- From Black Lagoon, "The Church of Violence" run with an iron fist by Sister Yolanda, an (apparently) elderly nun who wears an eyepatch and a fully - loaded, custom Desert Eagle pistol under her habit at all times. The church is not actually an official subsidiary of the Catholic Church, it's a cover for a gunrunning operation that is funded by the CIA.
- Blue Exorcist, where Satan is the Big Bad and The Vatican are supposed to be the Big Good. The main characters (one of which is a child of Satan ) are studying at a school for exorcists to learn how to fight demons.
- Nightcrawler from X-Men is a devout Catholic, but his demonic appearance is seen as scary by many, and he has an affinity for shadows, which emphasize the "dark" elements of his character. On the other hand, he had a cheerful and nice personality.
- The film version plays this trope straighter, by giving him a more introverted personality and self-inflicted scars as a way to atone for his sins.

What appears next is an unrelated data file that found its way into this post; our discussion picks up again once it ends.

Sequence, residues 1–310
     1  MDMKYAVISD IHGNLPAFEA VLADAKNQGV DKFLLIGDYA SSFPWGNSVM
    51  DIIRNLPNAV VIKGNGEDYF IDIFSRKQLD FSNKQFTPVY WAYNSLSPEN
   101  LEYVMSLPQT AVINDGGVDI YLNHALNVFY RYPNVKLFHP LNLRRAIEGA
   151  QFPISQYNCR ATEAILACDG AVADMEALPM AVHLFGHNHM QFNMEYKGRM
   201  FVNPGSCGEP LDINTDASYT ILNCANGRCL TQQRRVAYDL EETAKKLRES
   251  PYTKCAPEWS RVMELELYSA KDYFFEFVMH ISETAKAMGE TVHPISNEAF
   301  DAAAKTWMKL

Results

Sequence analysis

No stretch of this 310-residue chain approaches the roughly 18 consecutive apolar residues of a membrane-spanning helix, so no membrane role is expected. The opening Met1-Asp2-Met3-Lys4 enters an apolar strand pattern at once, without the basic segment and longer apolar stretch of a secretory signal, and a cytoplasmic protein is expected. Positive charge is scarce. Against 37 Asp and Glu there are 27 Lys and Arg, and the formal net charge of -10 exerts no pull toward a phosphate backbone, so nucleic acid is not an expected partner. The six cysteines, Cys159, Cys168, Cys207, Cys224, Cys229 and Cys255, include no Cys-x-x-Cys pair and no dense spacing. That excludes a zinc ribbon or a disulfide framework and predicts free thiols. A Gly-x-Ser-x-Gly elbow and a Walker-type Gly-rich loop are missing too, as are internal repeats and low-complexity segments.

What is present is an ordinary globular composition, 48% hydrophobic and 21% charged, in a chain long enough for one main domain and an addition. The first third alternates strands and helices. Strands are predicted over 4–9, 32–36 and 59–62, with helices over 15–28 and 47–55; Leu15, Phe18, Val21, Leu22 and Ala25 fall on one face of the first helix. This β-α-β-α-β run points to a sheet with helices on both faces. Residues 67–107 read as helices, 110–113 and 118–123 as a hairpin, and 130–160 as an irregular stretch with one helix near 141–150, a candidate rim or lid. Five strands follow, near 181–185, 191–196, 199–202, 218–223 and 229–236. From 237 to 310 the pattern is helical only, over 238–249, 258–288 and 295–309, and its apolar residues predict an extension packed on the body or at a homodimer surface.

- The Exorcist and every other movie dealing with Christian exorcism. Interestingly, The Exorcist had a Jesuit priest and teacher as a technical advisor (he also played the part of Father Dyer). The priest stressed that the Catholic Church typically doesn't condone exorcisms anymore and it is something of an Old Shame within the church.
- Constantine. Several of the characters fighting against demonic incursions are Catholics, one of whom is a priest (Father Hennessy). The title character uses Catholic rites against demons, including exorcism and the Last Rites, and is definitively an Anti-Hero.
- In The Blues Brothers, the title characters go "to see 'The Penguin'" - who turns out to be not the Batman character, but a very stern, heavyset, intimidating Catholic nun who wields a wooden 1-foot ruler like a martial arts weapon and moves with a Ghostly Glide.
- The Hunchback of Notre Dame: Frollo's "Hellfire", one of the most famous Villain Songs ever, is a Prayer of Malice in which Frollo asks the Virgin Mary to destroy Esmeralda.